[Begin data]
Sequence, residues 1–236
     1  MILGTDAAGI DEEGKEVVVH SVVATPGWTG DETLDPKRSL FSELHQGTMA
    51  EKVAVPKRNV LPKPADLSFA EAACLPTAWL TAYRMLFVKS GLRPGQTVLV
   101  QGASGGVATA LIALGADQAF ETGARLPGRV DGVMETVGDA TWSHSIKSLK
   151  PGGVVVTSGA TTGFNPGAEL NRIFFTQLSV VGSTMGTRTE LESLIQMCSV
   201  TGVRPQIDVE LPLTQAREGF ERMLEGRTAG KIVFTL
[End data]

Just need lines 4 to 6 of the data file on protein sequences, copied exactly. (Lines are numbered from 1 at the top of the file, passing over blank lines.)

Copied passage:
   101  QGASGGVATA LIALGADQAF ETGARLPGRV DGVMETVGDA TWSHSIKSLK
   151  PGGVVVTSGA TTGFNPGAEL NRIFFTQLSV VGSTMGTRTE LESLIQMCSV
   201  TGVRPQIDVE LPLTQAREGF ERMLEGRTAG KIVFTL